You’ve heard primary colors are Red, Yellow, and Blue and secondary colors are Orange, Violet, and Green, but have you heard of tertiary colors? Tertiary colors are the colors that exist between the primary and secondary colors. For example, Yellow Orange is the tertiary color between primary Yellow and secondary Orange.
Instead of the traditional names on the traditional color wheel, Double Primary Color Theory explains that each primary color (ex. Yellow) can be expressed by their biases toward secondary colors (ex. Yellow bias towards Green and Yellow bias towards Orange).
We sometimes run into the problem when mixing primary colors with opposing biases that we create a dull shade. For example, Blue with a bias toward Green and Red with a bias toward Orange combine into a dull Violet. To create a bright Violet, you need to mix Blue with a bias toward Violet and Red with a bias toward Violet, also referred to as tertiary colors Blue Violet and Red Violet!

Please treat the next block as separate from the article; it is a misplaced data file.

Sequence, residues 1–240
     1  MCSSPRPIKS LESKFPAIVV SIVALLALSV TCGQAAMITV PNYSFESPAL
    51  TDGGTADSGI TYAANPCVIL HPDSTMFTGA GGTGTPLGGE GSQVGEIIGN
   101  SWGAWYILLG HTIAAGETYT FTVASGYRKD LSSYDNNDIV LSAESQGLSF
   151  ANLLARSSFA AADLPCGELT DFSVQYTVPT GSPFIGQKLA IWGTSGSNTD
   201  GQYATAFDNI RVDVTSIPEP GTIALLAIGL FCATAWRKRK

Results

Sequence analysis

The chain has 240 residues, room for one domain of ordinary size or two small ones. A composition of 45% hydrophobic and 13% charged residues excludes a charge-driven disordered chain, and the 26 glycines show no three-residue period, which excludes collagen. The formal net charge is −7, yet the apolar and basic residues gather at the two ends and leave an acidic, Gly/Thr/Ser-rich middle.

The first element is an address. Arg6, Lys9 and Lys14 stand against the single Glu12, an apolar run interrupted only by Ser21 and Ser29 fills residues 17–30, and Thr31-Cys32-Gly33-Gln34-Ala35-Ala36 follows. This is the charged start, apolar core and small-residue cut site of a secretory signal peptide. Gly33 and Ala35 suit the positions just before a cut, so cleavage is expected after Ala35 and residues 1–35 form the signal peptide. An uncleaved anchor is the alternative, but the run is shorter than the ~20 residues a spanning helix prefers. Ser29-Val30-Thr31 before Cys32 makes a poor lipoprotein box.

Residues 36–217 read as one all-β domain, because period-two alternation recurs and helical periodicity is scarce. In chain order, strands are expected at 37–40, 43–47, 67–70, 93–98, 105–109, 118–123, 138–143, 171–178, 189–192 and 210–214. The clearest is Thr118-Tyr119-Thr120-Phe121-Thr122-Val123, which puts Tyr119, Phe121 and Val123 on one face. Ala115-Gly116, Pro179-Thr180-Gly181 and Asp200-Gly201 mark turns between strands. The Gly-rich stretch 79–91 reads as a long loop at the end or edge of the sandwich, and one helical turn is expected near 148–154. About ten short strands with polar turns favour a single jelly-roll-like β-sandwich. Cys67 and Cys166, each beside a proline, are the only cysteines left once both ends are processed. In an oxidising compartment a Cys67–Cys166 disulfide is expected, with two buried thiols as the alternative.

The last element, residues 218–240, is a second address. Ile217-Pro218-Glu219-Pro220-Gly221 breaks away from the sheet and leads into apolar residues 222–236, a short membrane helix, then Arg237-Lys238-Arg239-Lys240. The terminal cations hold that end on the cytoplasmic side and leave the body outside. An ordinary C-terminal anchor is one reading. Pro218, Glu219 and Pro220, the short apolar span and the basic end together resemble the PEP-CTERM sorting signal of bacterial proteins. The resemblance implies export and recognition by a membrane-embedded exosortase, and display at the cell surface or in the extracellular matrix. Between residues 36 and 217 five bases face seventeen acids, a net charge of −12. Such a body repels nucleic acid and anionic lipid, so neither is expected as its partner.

For the most three-dimensional looking forms, be sure to mix the local color, shadow colors, and highlight colors. Local color is the overall color of your object. Shadow colors and highlight colors shine in their respective areas, bringing depth and dimension to your form. Complementary colors are colors opposite each other on the color wheel, like Red and Green. When you combine complementary colors, you mix all three primary colors into neutral colors. For example, if you are drawing a Green leaf that is beginning to turn Brown in Autumn, you could add Red to the Green to neutralize that color.
Our course, The Practice of Botanical Drawing, details the practical application of Color Bias Theory and basic color mixing to help you choose which pencils to mix when trying to match a color in nature. It also covers the differences between hue, value, and intensity and how to use those as parameters to create the colors in your subject. If you prefer a single video experience, check out our Joy of Botanical Drawing video companion on Color Theory.